Council in a northwest Saskatchewan First Nation is taking a “harsh” approach to ridding its community of drugs, according to the chief.
Sometime this week, six non-band members will be banished from Makwa Sahgaiehcan First Nation for drug-related activity. Chief Richard Ben said an additional 20 to 25 band members will receive first and final warning.
“For myself and our council, our responsibility is the people of our First Nation. For non-band members to come here and hurt our people, that is not right and we feel those people should be immediately banished,” Ben said.
Ben added council had legal assistance to draft a bylaw to ensure no appeals can happen. The bylaw is expected to be finalized after a meeting with the elder’s council later this week.
For the 20 to 25 band members getting first and final warnings Ben said the last thing council wants to do is banish them.
Instead Ben said council wants to help them heal either by entering a rehabilitation program or seek counselling. He said if they choose to continue associating with drugs, members risk losing their house or financing.
“We’re at a point… this is coming from our council, this is coming from the community and our elders, they’re saying ‘enough [is] enough,’ we have to worry about our kids,” Ben said. “When you hear of kids between 10 and 13 who are taking drugs like meth, it’s crazy, it’s scary and you can’t help but to feel afraid.”
With a 12 year-old daughter, Ben can’t help but wonder what could happen if she was peer pressured.
“It’s my job, its council’s job, it’s the community’s job to take care of our children,” he said.
Over the last year, five community meetings were held and every time Ben said it was clear a banishment option was necessary.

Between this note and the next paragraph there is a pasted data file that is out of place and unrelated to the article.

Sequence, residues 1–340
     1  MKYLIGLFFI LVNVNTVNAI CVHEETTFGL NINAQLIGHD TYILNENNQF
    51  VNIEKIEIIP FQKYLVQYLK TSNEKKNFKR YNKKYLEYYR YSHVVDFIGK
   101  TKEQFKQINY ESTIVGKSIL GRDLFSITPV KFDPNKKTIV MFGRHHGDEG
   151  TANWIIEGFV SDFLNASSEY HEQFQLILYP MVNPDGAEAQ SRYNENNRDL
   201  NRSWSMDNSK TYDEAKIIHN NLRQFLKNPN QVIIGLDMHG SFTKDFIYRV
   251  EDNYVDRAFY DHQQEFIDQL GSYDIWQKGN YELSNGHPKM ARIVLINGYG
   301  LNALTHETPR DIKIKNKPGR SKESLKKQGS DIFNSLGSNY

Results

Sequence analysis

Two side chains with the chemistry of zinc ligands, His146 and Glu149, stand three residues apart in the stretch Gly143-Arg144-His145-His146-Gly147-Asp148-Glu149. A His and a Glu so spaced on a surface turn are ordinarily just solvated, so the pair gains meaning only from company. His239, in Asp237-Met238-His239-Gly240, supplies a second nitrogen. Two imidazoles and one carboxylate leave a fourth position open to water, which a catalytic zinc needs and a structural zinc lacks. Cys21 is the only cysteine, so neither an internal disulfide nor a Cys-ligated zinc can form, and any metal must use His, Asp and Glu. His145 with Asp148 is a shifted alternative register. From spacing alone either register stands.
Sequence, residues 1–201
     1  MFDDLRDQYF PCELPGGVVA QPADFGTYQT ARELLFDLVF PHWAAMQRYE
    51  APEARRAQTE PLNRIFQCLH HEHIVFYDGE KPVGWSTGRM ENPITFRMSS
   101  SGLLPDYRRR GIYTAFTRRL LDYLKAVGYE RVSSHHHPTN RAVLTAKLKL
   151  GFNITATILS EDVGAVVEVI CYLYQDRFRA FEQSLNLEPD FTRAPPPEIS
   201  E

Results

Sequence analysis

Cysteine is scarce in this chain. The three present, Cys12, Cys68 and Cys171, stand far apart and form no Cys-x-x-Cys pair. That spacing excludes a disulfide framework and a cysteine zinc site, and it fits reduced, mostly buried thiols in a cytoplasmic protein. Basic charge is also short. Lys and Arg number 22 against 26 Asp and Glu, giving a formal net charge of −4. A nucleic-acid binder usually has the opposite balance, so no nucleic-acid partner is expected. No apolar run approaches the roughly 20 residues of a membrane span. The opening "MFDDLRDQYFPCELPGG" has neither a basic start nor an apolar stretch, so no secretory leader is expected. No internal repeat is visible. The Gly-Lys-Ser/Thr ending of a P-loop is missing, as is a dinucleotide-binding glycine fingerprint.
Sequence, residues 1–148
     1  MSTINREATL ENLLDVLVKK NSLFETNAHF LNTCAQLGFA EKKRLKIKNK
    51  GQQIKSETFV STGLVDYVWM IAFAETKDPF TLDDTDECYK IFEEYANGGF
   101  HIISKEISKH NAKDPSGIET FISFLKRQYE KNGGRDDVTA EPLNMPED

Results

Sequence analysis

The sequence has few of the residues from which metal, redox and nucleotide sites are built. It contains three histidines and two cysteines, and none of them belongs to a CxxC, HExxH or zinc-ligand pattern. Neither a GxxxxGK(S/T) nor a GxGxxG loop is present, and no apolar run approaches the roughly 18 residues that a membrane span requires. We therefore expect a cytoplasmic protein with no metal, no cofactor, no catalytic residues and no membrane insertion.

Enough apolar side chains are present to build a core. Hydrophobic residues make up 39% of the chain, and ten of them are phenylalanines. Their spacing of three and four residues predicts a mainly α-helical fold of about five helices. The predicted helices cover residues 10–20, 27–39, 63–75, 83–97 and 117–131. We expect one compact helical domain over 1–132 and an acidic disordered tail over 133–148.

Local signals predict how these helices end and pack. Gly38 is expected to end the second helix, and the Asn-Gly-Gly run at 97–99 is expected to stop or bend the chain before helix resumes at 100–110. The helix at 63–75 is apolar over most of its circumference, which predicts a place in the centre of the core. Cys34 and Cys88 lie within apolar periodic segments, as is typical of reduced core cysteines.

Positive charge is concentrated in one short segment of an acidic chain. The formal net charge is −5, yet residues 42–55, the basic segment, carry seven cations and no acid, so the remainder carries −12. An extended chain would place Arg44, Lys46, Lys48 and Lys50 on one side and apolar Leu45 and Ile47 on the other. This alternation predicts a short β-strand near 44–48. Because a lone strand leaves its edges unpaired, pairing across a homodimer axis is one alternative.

Since people got word of council doing this, a lot of drug users have started going to rehab. Ben said a lot of them are seeking help and they’re asking council and the health department for help.
“They’re saying ‘I know this is hurting my family, I know this is hurting our people, help me.’ And that’s one of the best moments for us as leaders, they’re asking us for help,” Ben said.
On the warning letters band members receive are terms each must meet to show he or she is willing to change.
As for the non-band members Ben said since they aren’t from Makwa Sahgaiehcan, they aren’t his concern.
“We’re here to take care of the people of our community. For the band members in first and final warnings, we’re going to be harsh on them because we want them to change. We want them to stop,” he said. “It’s harsh. We don’t want to do it, but for the safety of our kids, we have to. The last thing we want is one of our children to pass on from drugs… it’s scary but this is what you have to do to get rid of drugs on the reserve.”
Ben added other First Nations have talked about doing something similar. Council from Muskoday First Nation, southeast of Prince Albert, banished those who pose a threat to their community but Makwa Sahgaiehcan is the first reservation to banish people for drug activity.
Colton Swiderski is meadowlakeNOW's municipal affairs, crime and court, health and education reporter. He can be reached at firstname.lastname@example.org or tweet him @coltonswiderski.
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